Smart contracts hold much promise, but when will we start to see more commercial proof points? Today we are very excited to announce that we have co-created and built a first of it's kind smart contract for the construction industry.
BAM Nuttall and Ferrovial Construction are the first contractors to test and use this solution. They supplied input from across their organisations to improve the solution and ensure its uptake leading by example. Clyde & Co provided legal expertise and have helped create the legal documentation that enables this tool to be effectively deployed within the New Engineering Contract (NEC) standard suite of contracts, with enough flexibility to be deployed in other standard suites of contract with relative ease.
The Digital Catapult has helped publish several research papers (being linked here). Micro-weather stations were deployed as an experimental part of the grant which the Catapult led on. They also provided blockchain support to the EHAB team. The Connected Placed Catapult have created an impact report, examining the various benefits of the solution and have helped create a new set of standards. One seeks to build on some of the smart contract standards created as part of the PAS333, the other introduces the first construction centric set of IoT standards for the industry.
WHAT ARE SMART CONTRACTS?
Smart contracts are legally compliant code that are run in a distributed ledger system (often referred to as DLT). This simply means that multiple computers are simultaneously running the software. In this case the Client and the Contractor are running the smart contract, and the information being shared and monitored is weather data.
In the traditional NEC scenario, there is a clause to share the risk of extreme weather events that occur less frequently than once in ten years. The '1 in 10 weather event' as it is often referred to.
It's smart because the software automatically collects the weather data, calculates the values and will then notify, in a legally compliant way, both parties if an event has indeed occurred.
It's a contract because both parties agree that they defer the management and operation of that specific part of the contract to the EHAB Weather Ledger.
Both parties pre-agree through a variation to the original paper contract that this tool will notify and accept the initial notices that determine if it is a compensatable event. We then ensure both parties have access to the detailed weather data so they can determine the cost of this event. We see this as just the first stepping stone into a world where may other tricky parts of the contract can have their management deferred to a computer.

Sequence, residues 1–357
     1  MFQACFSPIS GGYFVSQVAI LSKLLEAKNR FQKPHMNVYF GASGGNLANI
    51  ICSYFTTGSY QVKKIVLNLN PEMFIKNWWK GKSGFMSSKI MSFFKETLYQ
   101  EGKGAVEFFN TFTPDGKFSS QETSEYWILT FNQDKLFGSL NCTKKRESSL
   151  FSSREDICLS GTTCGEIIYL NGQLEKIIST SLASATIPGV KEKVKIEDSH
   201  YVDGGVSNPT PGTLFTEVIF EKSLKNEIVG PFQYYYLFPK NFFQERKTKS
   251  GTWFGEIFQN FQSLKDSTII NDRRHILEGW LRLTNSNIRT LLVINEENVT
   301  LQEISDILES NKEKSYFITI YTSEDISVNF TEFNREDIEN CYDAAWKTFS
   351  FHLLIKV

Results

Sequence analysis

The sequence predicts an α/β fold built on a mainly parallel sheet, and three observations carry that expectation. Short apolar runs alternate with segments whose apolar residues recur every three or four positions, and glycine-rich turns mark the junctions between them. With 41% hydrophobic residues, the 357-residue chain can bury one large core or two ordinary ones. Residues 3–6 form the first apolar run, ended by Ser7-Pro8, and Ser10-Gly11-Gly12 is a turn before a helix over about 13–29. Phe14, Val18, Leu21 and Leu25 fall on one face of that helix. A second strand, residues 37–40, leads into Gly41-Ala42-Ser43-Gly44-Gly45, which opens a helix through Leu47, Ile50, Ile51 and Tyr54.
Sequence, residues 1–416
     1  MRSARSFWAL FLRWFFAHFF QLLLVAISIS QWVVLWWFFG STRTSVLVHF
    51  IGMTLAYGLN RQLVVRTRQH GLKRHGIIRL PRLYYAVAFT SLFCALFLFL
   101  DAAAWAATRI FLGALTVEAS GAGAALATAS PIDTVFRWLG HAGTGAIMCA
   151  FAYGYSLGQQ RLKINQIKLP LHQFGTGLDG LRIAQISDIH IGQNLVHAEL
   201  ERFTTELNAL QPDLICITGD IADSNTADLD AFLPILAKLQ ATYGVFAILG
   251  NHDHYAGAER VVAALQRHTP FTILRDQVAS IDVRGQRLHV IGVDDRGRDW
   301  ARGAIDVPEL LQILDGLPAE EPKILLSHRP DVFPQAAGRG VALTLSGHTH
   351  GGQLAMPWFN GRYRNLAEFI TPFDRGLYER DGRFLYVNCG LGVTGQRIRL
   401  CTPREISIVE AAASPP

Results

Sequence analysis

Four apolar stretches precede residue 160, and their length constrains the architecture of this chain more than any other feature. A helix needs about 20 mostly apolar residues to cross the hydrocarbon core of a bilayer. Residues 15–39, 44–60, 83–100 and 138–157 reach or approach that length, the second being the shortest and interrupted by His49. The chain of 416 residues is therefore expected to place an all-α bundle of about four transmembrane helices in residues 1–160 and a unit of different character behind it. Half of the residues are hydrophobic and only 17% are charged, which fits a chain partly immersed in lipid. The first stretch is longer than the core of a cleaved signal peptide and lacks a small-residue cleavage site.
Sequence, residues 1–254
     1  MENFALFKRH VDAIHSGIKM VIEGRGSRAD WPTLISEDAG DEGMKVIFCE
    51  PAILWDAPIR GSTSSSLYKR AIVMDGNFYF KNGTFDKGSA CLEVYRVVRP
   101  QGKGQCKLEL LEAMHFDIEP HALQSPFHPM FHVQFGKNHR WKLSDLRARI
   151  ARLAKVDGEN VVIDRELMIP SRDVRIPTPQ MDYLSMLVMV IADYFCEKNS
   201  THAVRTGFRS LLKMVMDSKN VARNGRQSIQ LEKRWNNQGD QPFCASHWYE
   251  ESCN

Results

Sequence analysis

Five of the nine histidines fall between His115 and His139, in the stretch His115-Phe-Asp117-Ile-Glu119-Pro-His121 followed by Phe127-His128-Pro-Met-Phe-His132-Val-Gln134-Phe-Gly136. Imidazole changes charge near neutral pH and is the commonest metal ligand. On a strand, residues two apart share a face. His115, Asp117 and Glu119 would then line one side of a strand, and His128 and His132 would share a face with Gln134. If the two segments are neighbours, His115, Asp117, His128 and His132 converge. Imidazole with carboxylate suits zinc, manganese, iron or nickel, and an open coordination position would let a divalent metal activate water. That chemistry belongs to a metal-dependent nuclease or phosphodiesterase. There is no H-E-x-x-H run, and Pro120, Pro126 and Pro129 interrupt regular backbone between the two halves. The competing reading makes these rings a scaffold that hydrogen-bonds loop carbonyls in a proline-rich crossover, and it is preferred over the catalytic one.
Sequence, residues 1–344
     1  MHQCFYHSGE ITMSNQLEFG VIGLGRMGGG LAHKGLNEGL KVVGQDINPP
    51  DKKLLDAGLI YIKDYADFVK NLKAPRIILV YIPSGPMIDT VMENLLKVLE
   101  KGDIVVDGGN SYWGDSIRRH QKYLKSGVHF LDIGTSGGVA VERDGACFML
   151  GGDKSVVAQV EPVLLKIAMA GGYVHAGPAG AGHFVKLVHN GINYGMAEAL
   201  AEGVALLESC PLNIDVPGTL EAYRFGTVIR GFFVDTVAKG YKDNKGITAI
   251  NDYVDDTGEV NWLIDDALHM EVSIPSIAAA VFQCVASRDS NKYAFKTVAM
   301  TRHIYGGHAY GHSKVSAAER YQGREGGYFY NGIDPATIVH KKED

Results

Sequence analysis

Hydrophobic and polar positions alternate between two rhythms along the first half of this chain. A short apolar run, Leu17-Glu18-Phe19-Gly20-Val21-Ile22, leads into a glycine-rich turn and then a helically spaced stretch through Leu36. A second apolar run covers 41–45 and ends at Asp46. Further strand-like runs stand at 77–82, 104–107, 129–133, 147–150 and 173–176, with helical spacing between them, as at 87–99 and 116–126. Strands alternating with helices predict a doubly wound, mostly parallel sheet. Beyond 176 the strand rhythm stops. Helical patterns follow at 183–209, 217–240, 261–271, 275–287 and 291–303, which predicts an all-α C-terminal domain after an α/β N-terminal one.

HOW CAN A SMART CONTRACT HELP REDUCE WEATHER RISK?
The first version helps reduce admin and removes a layer of delays which can often last weeks creating significant uncertainty. This smart contract tool helps to remove that uncertainty as decisions are instant and all data is shared, giving both parties visibility. However, we don't plan to stop there.
The system has been built in a modular and expandable way. We are already working with other partners to develop tools that will allow the entire pot of weather associated risk to be hosted in a smart contract. This would allow Client and Contractor to more effectively share in the upside of the weather. You could think of it as "pay as you go" weather risk distribution. It could save the client money upfront and help the contractor offer a more competitive price, whilst still providing clear cost parameters.
We are also in talks with major insurers who could seek to underwrite the downsides of weather delay through a Parametric Insurance add-on to the smart contract. This could see the total weather risk of a project, or portfolio, capped. This may be an increasingly attractive proposition as more of the downsides of the climate crisis are realised by the industry.
When coupling this smart contract capability with our enhanced planning tools and augmented site technology it provides a holistic method for measuring, managing and mitigating weather risk. Those contractors adopting these tools first can expect distinct advantages when bidding, through better managed risk and more accurate tender prices. Clients can see considerable upside in time and cost by deploying these tools even earlier in the planning process.
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